A lot of people talk about "regime change" in Iran, without having any
idea what that means. If all it means replacing one Supreme Leader by
another, it will make no difference at all. The problem is that the
constitution and entire government are a kleptocracy, where it's
impossible to survive without bribery, corruption and violence.

However, generational theory tells us that an important change is
coming. The fanatical hardliners in Iran are in the generations that
lived through and fought in the 1979 Revolution, and those people are
quickly disappearing. The younger generations, who grew up after the
1979 Revolution, have no such fanaticism. In fact, they're generally
pro-American, pro-Western, and have no particular interest in seeing
Israel pushed into the sea. These younger generations are increasingly
in power, and they will dramatically change Iran's politics. Some
opposition figures are even suggesting that the son of the deceased
Shah could come back and restore a secular government.

Do you think that Iran has been villainized over the past 40
years because it took on the might of the US and threw an American
stooge out of power? How justified are the West's sanctions on that

Iran is a country that abducted American ambassadors, and declares
"death to America" and "death to Israel" every single day. They're
corrupt, violent terrorists, and they're spreading terror throughout
the Mideast in Syria, Lebanon, Gaza, Iraq and Yemen. Of course,
they're going to be villanized, and they deserve it.

Just as Hindus in India feel an emotional link with Shia Muslims
in Iran, and tend to excuse Iran's sins, Jews and evangelical
Christians in America feel a close emotional link to Jews in
Israel, and tend to excuse Israel's sins

**** Iran and India vs Saudi Arabia, Pakistan and China

Isn’t it Saudi Arabia, a friend of the US, that is the
fountainhead of Islamic terrorism in the Middle East (we feel the
pressure in India as well because Islamism in India is also funded by
the Saudis)? Why do you insist it is Iran? Besides, Israel isn't a
saint after all and has earned the wrath of UNHCR on many occasions
for its treatment of Palestinian civilians. It is a country whose
economic mainstay is arms and its government has been accused of
terrorism by religious groups within. Your comments.

Saudi Arabia is "A fountainhead," not "THE fountainhead." In Yemen, SA
is in a never-ending proxy war with Iran, in Syria SA is supporting
many anti-Assad rebels. The Jamal Khashoggi incident has shocked
everyone, and has had the ironic effect of pushing SA closer to
Pakistan. Many people also blame SA for 9/11. SA itself has an
internal split between the Sauds and the Wahhabis. At any rate, Saudi
Arabia and Iran are headed for war.

Many in the US Congress do not consider SA to be a friend. Obama hated
SA, and SA hated Obama. SA and US have had a close relationship since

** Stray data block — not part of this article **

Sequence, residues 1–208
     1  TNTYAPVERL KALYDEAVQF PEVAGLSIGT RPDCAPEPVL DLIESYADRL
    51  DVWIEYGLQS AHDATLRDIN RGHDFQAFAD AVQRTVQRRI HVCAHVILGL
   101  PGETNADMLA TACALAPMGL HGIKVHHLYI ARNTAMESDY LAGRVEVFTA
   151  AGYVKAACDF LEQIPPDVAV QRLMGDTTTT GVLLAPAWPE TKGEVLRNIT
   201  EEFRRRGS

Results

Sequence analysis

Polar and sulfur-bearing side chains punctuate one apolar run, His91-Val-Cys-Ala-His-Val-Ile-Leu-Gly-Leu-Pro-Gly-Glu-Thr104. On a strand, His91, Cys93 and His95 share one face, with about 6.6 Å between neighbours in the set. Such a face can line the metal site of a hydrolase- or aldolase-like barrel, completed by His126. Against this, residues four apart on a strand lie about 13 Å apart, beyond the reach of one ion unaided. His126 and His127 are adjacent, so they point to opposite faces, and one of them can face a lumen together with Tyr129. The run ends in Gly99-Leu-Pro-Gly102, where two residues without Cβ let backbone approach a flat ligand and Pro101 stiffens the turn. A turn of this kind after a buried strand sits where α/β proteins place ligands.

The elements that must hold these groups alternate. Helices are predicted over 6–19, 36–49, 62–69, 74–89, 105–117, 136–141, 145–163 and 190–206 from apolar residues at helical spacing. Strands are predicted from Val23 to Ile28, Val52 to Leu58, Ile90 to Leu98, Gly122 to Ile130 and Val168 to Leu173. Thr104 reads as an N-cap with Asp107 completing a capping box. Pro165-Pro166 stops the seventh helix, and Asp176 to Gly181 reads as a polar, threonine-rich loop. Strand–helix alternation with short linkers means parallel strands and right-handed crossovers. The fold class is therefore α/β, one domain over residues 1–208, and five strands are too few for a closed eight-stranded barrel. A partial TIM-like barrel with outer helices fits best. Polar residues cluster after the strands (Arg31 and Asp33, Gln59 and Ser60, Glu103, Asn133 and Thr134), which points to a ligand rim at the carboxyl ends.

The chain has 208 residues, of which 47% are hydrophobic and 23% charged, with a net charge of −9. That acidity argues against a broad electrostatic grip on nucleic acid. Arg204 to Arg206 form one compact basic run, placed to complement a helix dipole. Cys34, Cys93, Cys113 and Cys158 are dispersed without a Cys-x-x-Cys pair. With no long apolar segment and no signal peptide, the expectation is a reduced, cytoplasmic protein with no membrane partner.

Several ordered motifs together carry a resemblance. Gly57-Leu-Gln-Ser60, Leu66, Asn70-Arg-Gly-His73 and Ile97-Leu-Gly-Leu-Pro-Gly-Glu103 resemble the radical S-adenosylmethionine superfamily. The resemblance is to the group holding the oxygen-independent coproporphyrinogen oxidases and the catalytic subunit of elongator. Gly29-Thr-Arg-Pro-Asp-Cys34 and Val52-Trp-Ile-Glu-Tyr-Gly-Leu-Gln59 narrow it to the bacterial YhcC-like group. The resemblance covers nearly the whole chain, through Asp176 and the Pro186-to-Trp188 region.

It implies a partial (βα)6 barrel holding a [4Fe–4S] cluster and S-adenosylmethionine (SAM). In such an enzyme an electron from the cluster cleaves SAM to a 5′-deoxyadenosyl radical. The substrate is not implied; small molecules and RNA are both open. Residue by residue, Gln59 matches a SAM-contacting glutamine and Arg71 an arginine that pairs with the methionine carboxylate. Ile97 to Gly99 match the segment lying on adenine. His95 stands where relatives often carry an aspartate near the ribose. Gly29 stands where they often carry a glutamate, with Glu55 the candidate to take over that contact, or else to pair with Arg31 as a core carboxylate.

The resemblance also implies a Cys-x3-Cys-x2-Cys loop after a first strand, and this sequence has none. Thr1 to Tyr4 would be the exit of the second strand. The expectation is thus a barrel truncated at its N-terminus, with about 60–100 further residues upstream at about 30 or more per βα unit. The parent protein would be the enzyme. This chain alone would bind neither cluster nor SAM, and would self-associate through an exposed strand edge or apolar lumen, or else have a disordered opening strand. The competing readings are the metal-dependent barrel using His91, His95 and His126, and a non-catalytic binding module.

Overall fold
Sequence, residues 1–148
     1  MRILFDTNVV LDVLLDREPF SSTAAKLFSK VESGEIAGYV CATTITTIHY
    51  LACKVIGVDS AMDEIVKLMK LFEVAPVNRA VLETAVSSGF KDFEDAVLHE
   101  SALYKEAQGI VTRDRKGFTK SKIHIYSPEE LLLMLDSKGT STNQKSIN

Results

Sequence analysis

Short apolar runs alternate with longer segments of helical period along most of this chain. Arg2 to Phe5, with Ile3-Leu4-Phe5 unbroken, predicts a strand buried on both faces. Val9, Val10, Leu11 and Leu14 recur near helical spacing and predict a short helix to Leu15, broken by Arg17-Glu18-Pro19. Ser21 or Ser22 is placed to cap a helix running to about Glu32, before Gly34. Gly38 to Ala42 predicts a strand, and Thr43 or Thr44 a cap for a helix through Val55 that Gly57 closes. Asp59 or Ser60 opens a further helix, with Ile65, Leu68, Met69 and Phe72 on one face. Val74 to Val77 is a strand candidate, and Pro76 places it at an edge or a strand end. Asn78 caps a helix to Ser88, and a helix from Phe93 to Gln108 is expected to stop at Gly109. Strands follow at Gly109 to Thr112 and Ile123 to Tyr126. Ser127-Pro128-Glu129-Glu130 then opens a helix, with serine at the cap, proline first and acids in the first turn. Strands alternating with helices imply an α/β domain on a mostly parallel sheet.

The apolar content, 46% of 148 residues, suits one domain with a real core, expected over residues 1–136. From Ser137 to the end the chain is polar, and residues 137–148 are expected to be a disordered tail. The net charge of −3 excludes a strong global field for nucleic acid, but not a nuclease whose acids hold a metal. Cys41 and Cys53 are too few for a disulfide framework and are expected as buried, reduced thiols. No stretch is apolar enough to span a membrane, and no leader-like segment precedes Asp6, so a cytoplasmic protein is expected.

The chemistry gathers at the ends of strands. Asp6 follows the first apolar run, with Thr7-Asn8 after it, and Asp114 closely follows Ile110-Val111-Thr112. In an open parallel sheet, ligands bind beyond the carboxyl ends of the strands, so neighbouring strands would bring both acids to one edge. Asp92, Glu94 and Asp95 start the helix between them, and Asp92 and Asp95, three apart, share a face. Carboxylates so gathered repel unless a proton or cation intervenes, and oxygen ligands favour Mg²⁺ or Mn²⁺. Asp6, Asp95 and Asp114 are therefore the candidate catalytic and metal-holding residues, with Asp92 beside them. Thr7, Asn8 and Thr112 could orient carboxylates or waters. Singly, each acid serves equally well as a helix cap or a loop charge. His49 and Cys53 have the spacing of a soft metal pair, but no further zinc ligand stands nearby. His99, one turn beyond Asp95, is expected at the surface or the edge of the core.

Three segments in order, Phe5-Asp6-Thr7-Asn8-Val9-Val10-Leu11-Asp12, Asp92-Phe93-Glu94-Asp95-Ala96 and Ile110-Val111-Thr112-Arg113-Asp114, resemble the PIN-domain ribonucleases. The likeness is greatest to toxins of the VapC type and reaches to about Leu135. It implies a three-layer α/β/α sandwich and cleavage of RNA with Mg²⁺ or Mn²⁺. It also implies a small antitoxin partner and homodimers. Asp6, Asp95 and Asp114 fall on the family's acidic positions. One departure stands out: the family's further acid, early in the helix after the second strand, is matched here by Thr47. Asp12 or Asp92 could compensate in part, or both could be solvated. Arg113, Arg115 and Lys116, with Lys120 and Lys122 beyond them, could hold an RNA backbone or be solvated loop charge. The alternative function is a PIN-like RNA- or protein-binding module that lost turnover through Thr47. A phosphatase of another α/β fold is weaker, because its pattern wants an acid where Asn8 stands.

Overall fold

the 1930s based on the following core agreement: SA will provide oil
to the world, and the US will provide security to the Mideast. Trump's
"friendship" with SA is based on that core agreement. This core
agreement greatly benefits everyone, including India. There have been
many problems in the SA-US relationship over the decades, but this
core agreement has remained the most important factor.

And if I'm not mistaken, most of the funding for Islamism in India
comes not from the Saudis but from Pakistan's ISI. However, that may
be a distinction without a difference because Pakistan is a close ally
of SA and China, both of whom are enemies of India. India, on the
other hand, is a close ally of Iran, as illustrated by the Chabahar
seaport project. Hindus and Shia Muslims have been allies for
centuries, all the way back to the seminal Battle of Karbala in 680. I
discussed this in my book.

Nobody's a saint, especially in the Mideast. Israel is a democracy and
has an independent judiciary, which makes them unique in the Mideast.
Muslim Arabs are much safer living in Israel, and have more freedoms,
than in any other Mideast country. Just as Hindus in India feel a
close emotional link with Shia Muslims in Iran, and tend to excuse
Iran's sins, Jews and evangelical Christians in America feel a close
emotional link to Jews in Israel, and tend to excuse Israel's sins.

There's also anti-Jewish sentiment in the US -- read the current news
stories about Ilhan Abdullahi Omar, who is the Somali Muslim
congressional representative from Minneapolis, which has a large
Somali community.

Many in the US consider UNHCR to be highly biased, condemning actions
in Israel while ignoring massively greater human rights violations by

Did the 1979 Revolution intensify the Shia-Sunni conflict and

By changing from a secular government to a radical Shia government,